A glance out the windows of her entrance door showed the grass was green and the impatient flowers pink and red. Objects still held color.
“I’m good. Fast walker. I’ll be home before dark,” I said and turned the doorknob.
Down the hill from Lilly’s house, I walked the asphalt paved main road, stepping as quick as was safe. My ears alert for approaching cars. One came, and I stepped onto the grass beyond the road’s shoulder. When I turned onto the little traveled dirt road, I could move to the road’s middle, with its smoother surface. Night was descending faster than I predicted. A third of the way, on this road, I stopped. Dimming light turned the familiar into the unknown, and I recognized my casual walk home held danger. With its horrifying possibilities, fear intimidated rational thinking.
I resisted. A rescue was possible. For my husband and son would return from their outing in our truck. The question was when. Ten minutes more, and darkness could hide me. As a member of the cell-phone impaired, I’d left my phone on the bedroom shelf. My guys wouldn’t be looking for me. I’d need to see the black truck, act like a crazy woman, wave my arms, and shout to be heard above the truck engine’s rumble.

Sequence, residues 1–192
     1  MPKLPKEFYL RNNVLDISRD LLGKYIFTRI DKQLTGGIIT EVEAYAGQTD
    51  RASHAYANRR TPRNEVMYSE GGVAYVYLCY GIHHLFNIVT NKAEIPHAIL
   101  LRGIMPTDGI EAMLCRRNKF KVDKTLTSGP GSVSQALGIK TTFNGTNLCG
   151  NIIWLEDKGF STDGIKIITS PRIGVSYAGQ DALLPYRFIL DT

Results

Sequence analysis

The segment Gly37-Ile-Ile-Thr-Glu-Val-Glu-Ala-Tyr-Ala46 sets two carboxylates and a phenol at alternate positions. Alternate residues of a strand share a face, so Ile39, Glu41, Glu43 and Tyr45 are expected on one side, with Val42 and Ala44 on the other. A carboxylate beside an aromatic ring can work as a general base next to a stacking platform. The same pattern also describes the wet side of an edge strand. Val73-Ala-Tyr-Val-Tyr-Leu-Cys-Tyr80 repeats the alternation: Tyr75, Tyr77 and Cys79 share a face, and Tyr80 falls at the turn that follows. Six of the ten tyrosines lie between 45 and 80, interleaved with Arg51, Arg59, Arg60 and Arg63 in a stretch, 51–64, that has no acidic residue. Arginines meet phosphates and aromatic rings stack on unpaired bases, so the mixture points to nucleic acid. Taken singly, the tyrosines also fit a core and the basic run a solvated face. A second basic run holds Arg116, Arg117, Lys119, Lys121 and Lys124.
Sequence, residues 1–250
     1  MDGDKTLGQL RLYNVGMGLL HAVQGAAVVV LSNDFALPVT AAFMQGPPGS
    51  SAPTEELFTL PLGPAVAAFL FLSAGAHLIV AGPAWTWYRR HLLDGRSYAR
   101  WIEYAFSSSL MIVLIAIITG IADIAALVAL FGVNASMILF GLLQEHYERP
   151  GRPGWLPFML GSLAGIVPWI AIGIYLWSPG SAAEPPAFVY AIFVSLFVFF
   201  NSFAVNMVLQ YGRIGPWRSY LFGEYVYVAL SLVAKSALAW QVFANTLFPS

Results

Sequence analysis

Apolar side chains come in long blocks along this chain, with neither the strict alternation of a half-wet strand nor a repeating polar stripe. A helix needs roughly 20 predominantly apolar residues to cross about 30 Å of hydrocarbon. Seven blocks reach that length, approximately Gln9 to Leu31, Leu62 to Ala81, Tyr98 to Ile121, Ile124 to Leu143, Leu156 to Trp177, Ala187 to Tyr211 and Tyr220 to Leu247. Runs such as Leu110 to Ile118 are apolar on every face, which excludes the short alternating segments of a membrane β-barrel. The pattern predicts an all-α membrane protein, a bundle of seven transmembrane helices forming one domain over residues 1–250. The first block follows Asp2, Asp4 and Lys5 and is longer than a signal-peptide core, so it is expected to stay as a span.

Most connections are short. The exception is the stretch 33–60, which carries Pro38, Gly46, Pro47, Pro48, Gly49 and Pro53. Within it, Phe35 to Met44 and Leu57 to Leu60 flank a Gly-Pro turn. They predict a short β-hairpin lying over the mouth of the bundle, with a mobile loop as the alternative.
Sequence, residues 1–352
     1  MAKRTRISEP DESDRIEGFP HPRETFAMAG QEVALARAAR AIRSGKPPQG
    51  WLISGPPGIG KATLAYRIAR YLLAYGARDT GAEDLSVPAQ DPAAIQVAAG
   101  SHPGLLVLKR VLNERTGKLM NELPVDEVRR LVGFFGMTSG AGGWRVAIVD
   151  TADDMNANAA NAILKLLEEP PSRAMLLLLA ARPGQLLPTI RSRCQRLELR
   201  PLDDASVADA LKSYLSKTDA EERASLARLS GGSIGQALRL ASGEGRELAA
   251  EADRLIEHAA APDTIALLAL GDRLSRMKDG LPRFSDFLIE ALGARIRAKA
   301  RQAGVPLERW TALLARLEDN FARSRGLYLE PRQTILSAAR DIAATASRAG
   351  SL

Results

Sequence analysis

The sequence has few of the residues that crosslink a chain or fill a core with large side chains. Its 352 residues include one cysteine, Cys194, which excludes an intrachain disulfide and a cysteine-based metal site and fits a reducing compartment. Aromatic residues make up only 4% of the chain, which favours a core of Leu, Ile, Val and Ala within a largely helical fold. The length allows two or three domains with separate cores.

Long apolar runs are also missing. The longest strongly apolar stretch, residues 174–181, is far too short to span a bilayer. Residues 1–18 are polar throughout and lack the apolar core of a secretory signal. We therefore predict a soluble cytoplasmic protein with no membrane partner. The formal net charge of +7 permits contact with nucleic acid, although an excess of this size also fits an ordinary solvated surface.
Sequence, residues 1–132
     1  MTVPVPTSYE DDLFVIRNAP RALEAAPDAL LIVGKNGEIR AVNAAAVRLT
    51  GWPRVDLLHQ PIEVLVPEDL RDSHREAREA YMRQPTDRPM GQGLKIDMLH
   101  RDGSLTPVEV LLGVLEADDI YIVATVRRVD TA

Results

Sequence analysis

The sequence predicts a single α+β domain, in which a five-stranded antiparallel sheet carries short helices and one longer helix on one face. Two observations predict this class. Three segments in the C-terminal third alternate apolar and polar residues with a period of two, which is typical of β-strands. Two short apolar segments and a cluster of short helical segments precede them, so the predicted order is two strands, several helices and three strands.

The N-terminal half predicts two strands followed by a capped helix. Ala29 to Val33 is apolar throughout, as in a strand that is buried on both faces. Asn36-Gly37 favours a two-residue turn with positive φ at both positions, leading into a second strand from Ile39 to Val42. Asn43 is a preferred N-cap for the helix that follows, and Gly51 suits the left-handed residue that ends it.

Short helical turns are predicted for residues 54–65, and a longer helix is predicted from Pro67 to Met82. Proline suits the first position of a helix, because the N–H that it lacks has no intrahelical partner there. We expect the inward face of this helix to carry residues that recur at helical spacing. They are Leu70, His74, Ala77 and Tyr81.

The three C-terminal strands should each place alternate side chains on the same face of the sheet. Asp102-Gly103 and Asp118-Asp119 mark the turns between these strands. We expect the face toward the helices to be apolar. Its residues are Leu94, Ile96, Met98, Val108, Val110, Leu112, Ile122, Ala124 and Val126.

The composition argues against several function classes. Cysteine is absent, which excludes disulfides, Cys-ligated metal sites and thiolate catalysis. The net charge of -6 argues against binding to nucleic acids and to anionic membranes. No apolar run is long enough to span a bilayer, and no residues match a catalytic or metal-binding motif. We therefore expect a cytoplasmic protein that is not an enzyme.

To wait for them, I’d head to the road’s shoulder and lean against a split-rail fence post. Easy in concept, but at this time of evening, it required a trek through grass covered clumpy ground, wet with dew. Evening chill already caused my hands to hide within the long sleeves of my jersey hoodie. As I stood in place, the dew’s accumulation on blades of grass created its unique smell and brought forth the joy of chasing fireflies in my childhood backyard with dew wet feet.